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4 Ways Obama’s Budget Would Change Medicare

Adapted from an article by Mary Agnes Carey, Senior Correspondent, Kaiser Health News

President Barack Obama’s fiscal 2014 budget includes a variety of what he says are “manageable” changes for Medicare’s 54 million beneficiaries as well as for the hospitals, nursing homes and other health care providers that serve them.

medicare-pillThat assessment has drawn concern from some patient and provider groups that, although recognizing the need to address the nation’s rising health care costs, say seniors shouldn’t bear the brunt of efforts to reduce entitlement spending.

“Instead of making harmful cuts to Medicare or shifting additional costs onto beneficiaries, we need to look for savings throughout the health care system, including Medicare,” said AARP Executive Vice President Nancy A. LeaMond.

What follows is a closer look at key provisions in Obama’s fiscal 2014 budget, which would reduce the growth in Medicare spending by $371 billion over the next decade. Keep in mind that Obama’s plan is far from the last word. House Republicans have approved their own fiscal 2014 blueprint, as have Senate Democrats.

1. Higher Cost Sharing for New Medicare Beneficiaries

Joe Baker, president of the Medicare Rights Center, said that Medicare proposals that “increase deductibles and co-pays, and tax Medigap plans that ensure financial security, must be rejected.”

2. Wealthier Beneficiaries Pay More

Current law already requires individual beneficiaries whose incomes are $85,000 and above ($170,000 and above for couples) to pay a larger share of Medicare Part B (outpatient services like doctor visits and laboratory services) and Part D (prescription drugs) premiums. While most beneficiaries pay 25 percent of their Part B premiums, higher-income beneficiaries pay between 35 to 80 percent, depending on their income.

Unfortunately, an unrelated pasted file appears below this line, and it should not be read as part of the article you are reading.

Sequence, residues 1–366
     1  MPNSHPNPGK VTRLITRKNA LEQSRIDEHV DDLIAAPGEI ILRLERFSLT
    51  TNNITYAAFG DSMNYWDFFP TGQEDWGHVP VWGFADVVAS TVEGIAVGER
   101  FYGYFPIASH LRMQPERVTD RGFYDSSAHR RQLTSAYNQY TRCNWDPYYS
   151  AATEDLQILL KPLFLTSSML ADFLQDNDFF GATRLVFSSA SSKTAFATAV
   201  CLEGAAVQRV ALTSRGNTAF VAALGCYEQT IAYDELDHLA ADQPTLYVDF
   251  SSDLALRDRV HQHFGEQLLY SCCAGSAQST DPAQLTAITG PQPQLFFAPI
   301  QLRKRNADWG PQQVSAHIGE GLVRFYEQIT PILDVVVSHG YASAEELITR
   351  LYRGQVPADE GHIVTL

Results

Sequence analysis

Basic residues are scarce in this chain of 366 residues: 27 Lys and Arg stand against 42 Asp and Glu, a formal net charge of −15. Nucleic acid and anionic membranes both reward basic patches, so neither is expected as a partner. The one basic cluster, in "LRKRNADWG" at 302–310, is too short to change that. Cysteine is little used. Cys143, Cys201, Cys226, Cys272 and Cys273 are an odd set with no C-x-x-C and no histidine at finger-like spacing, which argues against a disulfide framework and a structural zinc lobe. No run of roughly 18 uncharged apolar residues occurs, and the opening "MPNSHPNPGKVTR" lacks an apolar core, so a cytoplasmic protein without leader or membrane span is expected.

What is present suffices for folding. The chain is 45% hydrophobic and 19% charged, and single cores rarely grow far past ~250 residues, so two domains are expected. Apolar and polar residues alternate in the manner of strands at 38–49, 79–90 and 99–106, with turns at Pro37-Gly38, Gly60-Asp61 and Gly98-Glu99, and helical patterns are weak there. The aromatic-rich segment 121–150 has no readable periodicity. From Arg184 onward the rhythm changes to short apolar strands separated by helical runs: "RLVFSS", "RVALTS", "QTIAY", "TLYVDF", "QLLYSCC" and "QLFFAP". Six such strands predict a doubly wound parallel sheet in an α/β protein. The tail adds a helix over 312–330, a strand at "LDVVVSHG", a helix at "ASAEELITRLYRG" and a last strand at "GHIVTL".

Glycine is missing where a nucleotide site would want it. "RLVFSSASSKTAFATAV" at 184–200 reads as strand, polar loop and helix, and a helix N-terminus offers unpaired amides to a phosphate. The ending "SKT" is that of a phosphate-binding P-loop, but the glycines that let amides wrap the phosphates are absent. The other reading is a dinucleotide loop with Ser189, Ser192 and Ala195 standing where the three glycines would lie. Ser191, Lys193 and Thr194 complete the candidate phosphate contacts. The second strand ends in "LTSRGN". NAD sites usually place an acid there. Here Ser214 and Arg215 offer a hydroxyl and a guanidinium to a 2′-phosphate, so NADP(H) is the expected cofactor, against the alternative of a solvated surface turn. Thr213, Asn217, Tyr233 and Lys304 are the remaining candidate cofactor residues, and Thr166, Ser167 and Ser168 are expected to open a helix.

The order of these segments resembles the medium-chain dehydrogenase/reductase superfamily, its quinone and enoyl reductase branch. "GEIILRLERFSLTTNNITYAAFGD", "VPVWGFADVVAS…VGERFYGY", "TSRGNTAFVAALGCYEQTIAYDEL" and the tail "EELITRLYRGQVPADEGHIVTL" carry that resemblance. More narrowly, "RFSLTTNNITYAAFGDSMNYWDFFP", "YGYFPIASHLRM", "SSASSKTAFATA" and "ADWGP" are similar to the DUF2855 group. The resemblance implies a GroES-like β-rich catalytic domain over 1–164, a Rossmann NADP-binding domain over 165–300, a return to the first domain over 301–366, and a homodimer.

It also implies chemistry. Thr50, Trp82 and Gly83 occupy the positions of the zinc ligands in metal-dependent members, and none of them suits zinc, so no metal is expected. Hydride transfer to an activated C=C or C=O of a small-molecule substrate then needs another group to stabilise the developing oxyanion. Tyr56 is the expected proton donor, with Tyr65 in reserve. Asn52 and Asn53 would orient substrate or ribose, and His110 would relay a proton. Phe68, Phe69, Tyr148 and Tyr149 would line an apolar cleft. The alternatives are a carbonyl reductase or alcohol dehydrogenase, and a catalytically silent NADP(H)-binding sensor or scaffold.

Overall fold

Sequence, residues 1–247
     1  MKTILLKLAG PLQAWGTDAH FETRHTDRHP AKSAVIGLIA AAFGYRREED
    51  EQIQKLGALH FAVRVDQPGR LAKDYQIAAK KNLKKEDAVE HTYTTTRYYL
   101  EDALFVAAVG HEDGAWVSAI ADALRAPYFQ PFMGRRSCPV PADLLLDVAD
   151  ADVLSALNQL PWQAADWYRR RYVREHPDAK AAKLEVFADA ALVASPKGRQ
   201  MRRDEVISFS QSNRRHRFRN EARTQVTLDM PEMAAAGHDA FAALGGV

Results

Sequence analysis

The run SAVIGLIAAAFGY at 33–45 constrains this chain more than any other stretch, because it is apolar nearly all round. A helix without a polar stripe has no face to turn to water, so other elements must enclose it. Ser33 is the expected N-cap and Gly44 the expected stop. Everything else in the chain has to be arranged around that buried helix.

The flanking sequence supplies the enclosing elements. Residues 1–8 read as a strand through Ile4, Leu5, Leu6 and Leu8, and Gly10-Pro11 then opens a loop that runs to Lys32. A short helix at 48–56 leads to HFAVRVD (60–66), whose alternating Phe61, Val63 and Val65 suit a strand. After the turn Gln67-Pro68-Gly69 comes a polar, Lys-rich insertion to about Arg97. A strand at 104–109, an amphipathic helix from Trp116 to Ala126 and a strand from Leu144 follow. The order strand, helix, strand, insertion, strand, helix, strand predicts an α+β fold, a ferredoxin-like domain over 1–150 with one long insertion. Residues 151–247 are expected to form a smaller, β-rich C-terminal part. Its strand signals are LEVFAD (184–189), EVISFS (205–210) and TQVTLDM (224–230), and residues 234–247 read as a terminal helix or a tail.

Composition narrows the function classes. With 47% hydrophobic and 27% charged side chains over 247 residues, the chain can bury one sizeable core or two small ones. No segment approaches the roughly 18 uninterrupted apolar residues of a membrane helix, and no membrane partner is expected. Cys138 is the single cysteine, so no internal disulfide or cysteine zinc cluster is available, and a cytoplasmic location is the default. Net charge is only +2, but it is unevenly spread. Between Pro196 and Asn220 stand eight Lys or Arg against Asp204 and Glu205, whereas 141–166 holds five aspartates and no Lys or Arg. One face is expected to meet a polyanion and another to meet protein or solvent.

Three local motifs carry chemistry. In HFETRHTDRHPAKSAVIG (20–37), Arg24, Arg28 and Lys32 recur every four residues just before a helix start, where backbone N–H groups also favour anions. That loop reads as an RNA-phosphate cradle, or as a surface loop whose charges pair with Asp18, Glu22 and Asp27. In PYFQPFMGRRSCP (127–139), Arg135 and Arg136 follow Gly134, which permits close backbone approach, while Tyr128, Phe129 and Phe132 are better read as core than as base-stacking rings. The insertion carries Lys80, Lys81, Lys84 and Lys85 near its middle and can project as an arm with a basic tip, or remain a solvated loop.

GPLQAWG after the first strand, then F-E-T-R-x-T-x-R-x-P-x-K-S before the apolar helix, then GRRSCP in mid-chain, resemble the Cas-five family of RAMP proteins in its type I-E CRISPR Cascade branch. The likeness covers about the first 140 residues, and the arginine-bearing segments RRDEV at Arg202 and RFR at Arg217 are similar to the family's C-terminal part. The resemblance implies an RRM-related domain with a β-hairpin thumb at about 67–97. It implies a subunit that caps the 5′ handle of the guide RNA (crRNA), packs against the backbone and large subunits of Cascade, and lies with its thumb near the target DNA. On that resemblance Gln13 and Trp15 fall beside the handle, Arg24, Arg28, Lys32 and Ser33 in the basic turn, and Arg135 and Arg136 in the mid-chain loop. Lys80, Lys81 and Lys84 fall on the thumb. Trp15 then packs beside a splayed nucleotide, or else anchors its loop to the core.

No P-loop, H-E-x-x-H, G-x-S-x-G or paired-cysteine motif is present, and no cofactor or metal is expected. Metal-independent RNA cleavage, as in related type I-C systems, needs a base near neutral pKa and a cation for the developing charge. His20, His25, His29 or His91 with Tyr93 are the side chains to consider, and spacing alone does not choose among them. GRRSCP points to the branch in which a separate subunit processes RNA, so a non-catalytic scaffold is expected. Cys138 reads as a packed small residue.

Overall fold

Obama’s plan would increase the lowest income-related premium to 40 percent and cap it at 90 percent. His plan would also maintain the current income thresholds until a quarter of Part B and Part D beneficiaries are paying the higher income-related premiums.

In a 2012 analysis, the Kaiser Family Foundation found that if the proposal to have a quarter of all beneficiaries pay the higher premiums were implemented last year, beneficiaries with incomes at or above $47,000 for individuals and $94,000 for couples would be paying higher income-related Medicare premiums. (KHN in an editorially independent program of the Foundation.)

The Obama administration says the proposal would help improve Medicare’s financial stability by reducing how much the government spends on Medicare for beneficiaries who can afford to pay more. But the Center for Medicare Advocacy fears asking higher-income people to pay a greater share of premiums “might lead to more people choosing not to participate in Medicare. Fewer participants in [Medicare] B and D would result in increased costs for the remaining participants.”

3. Doughnut Hole Closing Faster, Higher Drug Rebates for Low-Income Beneficiaries

In a statement, the Pharmaceutical Research and Manufacturers of America said the rebate proposal would increase beneficiary premiums and copays.

4. Provider Cuts

In its budget document, the Department of Health and Human Services cites a MedPAC finding that these additional payments “significantly exceed the actual added patient care costs these hospitals incur.”

Hospital groups maintain that the cuts to bad debt reimbursement and medical education payments would weaken hospitals’ ability to provide care and to train physicians, nurses and other health professionals.

What Obama Left Out

 

Also of Interest

 

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